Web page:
Difference was statistically significant in ALT level and percentage of lymphocyte (LYM%) between patients from coastal areas and mountainous inland areas. The mean levels of ALT in patients from coastal areas and mountainous inland areas were 62.71 and 137.0 IU/L, respectively (Student t test, P = 0.003), and the mean levels of LYM% were 41.1% and 32.7%, respectively (Student t test, P = 0.040).

Increased bronchovascular shadows were observed in 15.7% of patients on chest X-rays or computed tomography. Fifteen patients had an abnormal electrocardiogram (ECG), of which 33.3% of patients had T-wave change, 26.7% of patients had ST-T change, 26.7% of patients had complete or partial bunch branch block, 13.3% of patients had sinus bradycardia, 6.7% of patients had premature ventricular extrasystole, and 6.7% of patients had abnormal q-wave.

Diagnostic issues.

According to SDRIS, 20 of the reported cases from 2006 to 2011 had been initially misdiagnosed as epidemic or murine typhus, hemorrhagic fever with renal syndrome, typhoid, and human granulocytic anaplasmosis before correct diagnosis of scrub typhus.

Weil–Felix OX-K agglutination reaction was performed on 27 (26.5%) subjects, and 10 of these subjects turned out to have an agglutination titer ≥ 1:80. No accurate diagnostic tests were available in hospitals in Shandong Province.

It took ≥ 4 days to seek medical service after the disease onset for over one-third of the patients. Less than one-quarter of cases received diagnosis of scrub typhus on the first day of their visit to the clinic/hospital, whereas it took ≥ 4 days for 58.0% of the patients to receive correct diagnosis. The average time lag between initial clinic/hospital visit and diagnosis was 3.8 days (range = 0–22 days). Approximately 68% of the patients received correct diagnosis and appropriate drug therapy in the first 1 week of disease progress. No difference was statistically significant in the time lag from disease onset to correct diagnosis between patients from coastal and inland areas.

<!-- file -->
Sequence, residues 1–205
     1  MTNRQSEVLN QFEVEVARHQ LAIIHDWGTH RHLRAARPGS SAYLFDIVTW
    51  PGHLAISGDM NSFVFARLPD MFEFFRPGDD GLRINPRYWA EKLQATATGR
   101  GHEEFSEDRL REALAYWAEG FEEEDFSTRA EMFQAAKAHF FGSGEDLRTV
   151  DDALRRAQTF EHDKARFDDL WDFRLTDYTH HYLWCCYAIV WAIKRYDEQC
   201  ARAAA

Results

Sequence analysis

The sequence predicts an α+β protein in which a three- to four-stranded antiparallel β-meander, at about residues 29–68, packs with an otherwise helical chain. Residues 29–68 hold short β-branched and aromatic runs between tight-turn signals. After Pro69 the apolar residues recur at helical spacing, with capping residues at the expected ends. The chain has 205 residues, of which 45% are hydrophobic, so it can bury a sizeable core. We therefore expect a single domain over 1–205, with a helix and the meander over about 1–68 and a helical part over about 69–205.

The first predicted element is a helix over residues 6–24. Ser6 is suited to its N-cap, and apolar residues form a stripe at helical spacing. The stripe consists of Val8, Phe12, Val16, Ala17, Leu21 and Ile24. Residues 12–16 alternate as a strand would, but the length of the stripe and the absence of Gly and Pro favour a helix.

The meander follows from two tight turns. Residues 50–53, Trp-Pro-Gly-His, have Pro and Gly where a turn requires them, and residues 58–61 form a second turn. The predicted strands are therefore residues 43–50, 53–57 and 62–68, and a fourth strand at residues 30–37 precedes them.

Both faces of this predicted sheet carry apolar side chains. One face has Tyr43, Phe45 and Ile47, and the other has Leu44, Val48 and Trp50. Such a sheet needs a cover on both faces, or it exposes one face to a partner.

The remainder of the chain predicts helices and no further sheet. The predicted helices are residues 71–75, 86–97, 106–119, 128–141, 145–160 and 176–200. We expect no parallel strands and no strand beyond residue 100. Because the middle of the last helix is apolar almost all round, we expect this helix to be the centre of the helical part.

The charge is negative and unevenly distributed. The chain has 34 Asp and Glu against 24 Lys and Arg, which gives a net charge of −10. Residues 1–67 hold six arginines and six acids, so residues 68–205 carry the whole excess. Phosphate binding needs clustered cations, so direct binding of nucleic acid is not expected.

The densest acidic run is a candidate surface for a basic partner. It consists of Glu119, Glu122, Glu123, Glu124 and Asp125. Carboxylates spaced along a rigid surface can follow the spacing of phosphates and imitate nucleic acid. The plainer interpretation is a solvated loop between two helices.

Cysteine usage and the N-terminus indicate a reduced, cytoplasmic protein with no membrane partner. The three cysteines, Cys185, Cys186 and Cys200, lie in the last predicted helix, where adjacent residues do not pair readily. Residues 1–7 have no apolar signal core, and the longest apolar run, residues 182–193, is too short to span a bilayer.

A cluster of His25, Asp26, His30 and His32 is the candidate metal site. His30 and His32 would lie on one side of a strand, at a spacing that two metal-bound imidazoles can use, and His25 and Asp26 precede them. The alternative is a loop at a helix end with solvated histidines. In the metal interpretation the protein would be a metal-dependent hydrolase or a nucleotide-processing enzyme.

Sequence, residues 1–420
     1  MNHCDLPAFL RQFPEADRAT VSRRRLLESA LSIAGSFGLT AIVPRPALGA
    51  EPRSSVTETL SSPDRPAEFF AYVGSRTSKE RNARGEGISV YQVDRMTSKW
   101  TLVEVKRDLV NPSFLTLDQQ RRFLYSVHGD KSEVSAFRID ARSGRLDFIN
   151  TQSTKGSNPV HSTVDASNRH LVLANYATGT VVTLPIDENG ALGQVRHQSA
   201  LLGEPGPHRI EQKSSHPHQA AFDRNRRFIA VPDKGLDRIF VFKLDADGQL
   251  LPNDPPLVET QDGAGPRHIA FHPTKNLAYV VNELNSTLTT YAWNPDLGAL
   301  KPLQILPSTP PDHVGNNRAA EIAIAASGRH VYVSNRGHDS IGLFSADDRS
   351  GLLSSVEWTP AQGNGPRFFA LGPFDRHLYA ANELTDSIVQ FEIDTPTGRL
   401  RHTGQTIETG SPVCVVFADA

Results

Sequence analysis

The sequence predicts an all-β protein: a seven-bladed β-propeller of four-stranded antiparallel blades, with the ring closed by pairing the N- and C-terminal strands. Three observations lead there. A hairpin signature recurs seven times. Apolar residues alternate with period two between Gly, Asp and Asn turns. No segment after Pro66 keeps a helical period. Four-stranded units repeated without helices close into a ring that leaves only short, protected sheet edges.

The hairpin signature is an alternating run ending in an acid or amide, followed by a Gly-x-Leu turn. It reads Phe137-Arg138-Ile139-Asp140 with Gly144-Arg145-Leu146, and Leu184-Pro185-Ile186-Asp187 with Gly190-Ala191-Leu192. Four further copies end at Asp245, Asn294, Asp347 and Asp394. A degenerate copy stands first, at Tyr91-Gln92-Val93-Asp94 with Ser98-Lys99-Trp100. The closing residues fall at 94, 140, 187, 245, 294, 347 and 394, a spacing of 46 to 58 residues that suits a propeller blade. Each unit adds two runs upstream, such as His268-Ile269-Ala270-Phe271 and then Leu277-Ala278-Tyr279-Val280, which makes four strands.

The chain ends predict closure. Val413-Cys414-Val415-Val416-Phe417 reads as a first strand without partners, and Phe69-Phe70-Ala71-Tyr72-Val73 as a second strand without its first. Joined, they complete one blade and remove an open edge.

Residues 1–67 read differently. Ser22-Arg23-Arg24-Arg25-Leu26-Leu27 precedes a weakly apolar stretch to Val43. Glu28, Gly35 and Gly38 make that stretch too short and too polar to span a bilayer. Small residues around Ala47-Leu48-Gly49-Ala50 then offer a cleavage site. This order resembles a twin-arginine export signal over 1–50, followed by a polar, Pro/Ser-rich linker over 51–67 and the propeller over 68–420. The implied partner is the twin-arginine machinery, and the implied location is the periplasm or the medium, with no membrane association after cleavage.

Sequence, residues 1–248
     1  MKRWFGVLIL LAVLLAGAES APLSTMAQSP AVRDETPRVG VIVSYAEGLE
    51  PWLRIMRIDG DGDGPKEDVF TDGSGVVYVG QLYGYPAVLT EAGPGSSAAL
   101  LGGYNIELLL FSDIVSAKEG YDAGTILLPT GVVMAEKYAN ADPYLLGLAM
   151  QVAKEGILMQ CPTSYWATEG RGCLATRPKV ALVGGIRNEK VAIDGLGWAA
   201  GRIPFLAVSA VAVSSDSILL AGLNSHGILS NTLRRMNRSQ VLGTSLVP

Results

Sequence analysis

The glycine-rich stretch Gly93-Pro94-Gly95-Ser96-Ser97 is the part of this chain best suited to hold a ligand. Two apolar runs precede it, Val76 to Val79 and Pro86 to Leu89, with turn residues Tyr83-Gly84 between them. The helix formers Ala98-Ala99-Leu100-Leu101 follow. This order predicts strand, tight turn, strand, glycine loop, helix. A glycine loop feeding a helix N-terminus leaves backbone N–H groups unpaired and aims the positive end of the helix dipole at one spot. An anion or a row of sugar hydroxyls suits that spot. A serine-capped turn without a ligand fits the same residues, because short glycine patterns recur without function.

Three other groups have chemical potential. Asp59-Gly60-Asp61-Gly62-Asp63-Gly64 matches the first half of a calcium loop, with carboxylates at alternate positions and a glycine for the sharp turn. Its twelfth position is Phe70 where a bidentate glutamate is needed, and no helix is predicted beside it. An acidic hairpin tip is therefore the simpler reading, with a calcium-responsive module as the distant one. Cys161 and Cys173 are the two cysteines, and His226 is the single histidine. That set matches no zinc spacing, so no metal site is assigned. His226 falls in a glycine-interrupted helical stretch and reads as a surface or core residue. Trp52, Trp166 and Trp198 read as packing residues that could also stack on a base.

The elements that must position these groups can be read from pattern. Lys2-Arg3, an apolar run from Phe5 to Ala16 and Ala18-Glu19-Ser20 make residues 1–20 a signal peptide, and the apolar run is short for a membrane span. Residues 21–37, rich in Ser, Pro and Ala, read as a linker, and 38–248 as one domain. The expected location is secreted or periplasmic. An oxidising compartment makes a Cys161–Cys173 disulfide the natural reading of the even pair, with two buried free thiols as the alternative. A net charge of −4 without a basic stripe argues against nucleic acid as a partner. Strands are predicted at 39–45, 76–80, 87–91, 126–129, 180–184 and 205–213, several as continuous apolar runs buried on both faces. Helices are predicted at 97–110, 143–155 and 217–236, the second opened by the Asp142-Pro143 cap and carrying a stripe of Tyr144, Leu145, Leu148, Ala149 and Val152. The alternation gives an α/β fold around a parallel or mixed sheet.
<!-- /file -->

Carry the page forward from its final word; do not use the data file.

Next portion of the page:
We figured that 63.4% of the subjects went to clinics in villages as their first choice when they felt malaise; however, none of them got accurately diagnosed. The other 15.8%, 15.8%, and 5.0% of patients chose township health centers, county hospitals, and municipal hospitals, of which the accurate diagnostic rates were 37.5%, 87.5%, and 100%, respectively. Of all the subjects, 97 subjects (95.1%) knew little about scrub typhus, and none of them knew about prevention before the onset of disease; 66 cases (64.7%) were not informed of any preventive measures for scrub typhus by the doctors during their clinic/hospital visits.

Discussion

Scrub typhus is ubiquitous in rural areas, and it experienced a rapid increase in Shandong in the past two decades. Mountainous inland and coastal areas are two epidemic centers of scrub typhus. A similar pattern of geographic distribution was reported in Taiwan.15 It may be ascribed to the specific geographic and climatic conditions under which the transmission chain of scrub typhus works.